Just in time for Halloween, Shout Factory has announced a Blu-ray of Roger Corman’s The Wasp Woman, the initial Filmgroup production and nearly the only one made in Hollywood, before new Guild guidelines prompted Corman to flee out of town for filming, to North Dakota, Puerto Rico and finally Europe. The specs make us hope for a quality item, with two commentaries, a theatrical aspect ratio and an extra version with padding scenes added for TV (which might look strange matted to 1:85…). The show is small-scale but much liked, thanks to Susan Cabot’s energetic performance and Corman’s tapping into an interesting office vibe. In a good version it ought to be a keeper. Just don’t expect a literal representation of the famed poster illustration to show up — the title insect looks like a hot date for one of the Zanti Misfits.
By all means Shout Factory, keep unearthing quality encodings of more arcane ’50s items, from Corman and others.
CineSavant is gearing up for a busy September and October review season, with Charlie Largent helping out. Likely titles already in hand are Scenes from a Marriage, Looker, The Trip to Bountiful and the sublime, irreplaceable My Man Godfrey (↑). I’m expecting a wave of must-review items in the door at any time: The Last Hurrah, The Other Side of Midnight and The Bravados from Twilight Time, Andrei Rublev, A Raisin in the Sun and The Naked Prey from Criterion, and Good Times, The Night Stalker, The Night Strangler, The Spiral Staircase and Trilogy of Terror from Kino. Plus we must catch up with an August title that slipped by, Severin’s The Changeling.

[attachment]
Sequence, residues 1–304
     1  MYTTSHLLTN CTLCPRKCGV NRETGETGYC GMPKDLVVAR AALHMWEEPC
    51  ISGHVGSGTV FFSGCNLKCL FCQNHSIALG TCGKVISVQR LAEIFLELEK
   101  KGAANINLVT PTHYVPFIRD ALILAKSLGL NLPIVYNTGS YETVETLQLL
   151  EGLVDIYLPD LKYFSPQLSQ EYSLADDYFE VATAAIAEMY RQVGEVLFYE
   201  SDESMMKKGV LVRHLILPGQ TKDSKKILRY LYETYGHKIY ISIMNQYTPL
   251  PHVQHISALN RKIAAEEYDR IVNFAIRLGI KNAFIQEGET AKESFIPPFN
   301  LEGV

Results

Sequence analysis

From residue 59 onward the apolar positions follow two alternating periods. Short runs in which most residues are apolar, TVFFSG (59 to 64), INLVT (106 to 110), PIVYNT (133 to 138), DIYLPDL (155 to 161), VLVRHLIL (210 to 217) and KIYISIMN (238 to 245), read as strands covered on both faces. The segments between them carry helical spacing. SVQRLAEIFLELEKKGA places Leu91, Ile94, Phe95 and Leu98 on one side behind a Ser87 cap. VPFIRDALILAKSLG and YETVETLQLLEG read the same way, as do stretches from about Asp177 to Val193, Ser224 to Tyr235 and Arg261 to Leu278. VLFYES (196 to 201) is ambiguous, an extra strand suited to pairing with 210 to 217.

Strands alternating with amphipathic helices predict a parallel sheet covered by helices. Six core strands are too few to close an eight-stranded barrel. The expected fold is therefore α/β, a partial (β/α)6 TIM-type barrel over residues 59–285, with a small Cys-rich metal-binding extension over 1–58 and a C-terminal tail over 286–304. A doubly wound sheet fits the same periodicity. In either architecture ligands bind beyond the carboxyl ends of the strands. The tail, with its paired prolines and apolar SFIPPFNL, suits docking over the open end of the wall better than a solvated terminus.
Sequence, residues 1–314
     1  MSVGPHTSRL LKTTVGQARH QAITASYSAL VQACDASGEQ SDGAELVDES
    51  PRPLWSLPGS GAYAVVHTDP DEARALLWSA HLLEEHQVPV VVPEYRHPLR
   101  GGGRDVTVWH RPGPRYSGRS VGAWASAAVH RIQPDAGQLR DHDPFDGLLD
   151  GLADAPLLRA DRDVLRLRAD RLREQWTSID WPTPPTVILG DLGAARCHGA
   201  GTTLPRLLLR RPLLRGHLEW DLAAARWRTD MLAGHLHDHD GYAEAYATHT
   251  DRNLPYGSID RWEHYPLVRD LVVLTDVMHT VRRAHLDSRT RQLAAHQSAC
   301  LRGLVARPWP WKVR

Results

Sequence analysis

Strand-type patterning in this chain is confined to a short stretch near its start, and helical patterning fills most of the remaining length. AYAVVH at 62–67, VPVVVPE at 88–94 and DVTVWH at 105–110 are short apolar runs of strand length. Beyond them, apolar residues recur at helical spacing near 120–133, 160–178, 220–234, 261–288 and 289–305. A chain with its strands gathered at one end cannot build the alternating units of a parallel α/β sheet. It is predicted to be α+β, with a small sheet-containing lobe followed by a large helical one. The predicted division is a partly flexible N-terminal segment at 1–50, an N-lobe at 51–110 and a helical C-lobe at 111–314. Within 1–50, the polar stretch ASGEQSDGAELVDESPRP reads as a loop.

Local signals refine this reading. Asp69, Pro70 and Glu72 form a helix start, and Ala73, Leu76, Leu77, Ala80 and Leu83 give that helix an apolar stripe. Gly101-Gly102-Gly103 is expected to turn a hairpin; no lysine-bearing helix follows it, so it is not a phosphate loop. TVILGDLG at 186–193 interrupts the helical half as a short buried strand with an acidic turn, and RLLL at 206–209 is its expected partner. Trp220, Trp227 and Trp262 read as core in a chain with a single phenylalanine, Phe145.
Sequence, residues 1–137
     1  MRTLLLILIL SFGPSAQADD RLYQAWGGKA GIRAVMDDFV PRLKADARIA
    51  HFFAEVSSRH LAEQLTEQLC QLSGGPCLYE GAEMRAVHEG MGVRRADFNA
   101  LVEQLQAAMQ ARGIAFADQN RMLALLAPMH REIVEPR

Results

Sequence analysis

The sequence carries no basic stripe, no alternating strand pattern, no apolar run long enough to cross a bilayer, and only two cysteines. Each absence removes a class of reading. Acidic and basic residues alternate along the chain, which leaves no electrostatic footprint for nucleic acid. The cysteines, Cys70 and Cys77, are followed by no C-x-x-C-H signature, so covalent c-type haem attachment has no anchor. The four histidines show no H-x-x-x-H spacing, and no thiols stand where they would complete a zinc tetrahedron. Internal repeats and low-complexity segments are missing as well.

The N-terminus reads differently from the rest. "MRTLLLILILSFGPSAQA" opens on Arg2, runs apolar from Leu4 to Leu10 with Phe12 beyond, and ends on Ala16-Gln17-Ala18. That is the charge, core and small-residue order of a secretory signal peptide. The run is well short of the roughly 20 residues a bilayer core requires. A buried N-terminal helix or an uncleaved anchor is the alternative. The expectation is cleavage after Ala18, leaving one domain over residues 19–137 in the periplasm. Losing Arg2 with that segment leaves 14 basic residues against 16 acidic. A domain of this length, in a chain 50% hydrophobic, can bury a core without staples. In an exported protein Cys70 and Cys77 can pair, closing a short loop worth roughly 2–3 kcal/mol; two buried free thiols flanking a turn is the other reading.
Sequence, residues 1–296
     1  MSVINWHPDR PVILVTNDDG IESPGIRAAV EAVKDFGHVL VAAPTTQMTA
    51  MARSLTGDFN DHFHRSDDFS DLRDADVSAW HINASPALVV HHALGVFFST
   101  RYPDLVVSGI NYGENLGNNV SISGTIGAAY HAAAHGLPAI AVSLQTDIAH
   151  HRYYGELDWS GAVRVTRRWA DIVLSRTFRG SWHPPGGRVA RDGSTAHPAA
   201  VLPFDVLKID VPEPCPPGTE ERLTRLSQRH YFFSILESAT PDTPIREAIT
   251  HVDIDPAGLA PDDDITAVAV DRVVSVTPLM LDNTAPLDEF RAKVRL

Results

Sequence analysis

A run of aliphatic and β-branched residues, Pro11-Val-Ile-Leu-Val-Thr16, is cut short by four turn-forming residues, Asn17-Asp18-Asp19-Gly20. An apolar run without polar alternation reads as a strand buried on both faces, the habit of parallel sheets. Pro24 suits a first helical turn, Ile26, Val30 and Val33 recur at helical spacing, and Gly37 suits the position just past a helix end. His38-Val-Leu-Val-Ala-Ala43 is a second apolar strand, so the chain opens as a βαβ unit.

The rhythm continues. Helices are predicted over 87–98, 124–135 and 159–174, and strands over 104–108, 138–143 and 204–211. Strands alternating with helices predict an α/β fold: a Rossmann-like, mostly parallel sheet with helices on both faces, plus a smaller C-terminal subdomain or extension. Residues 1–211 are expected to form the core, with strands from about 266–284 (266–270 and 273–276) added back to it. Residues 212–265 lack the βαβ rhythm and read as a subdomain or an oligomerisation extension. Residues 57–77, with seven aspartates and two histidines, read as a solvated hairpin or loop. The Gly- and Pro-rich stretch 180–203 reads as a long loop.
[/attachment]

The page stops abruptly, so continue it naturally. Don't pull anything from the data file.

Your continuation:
Although it hasn’t really surfaced yet, people online are scratching their heads about color choices for the new Criterion Blu-ray of Brian De Palma’s Sisters. I haven’t seen it either, but I can attest that original preview prints and A.I.P.’s release prints — I saw it three times when new — were not things of beauty, with mismatched color, and the A.I.P. print sickly green and grainy, too. I never got the Arrow Region B, so I can’t compare with that either. GOOD movie, though!
And I finally caught up with a 1940 picture, The Monster and the Girl, from Paramount, that seems created in a different galaxy than the horrors from Universal. It’s the only ape-on-the-loose picture I’ve seen where an ape-suited character is consistently well handled… some of the scenes are quite impressive. In researching it for TCM, I read contemporary trade reviews that theorized that its story had been severely altered by the Production Code office, mostly to neutralize a sidebar theme of forced prostitution. But the movie is much more weird than that — it enters into a series of flashbacks from which it never returns — even the confusing The Locket doubles back to its starting point. The story is ostensibly the memory of the leading lady Ellen Drew, yet she has no knowledge of most of what happens … and never even finds out the ‘secret identity’ of the title ape monster! Somebody page Tom Weaver to straighten me out — I have to see it again, just to find out if I ‘read’ it wrong.
The web’s Dark Corners offers a pretty funny crazy video review of The Monster and the Girl.
Thanks for reading! — Glenn Erickson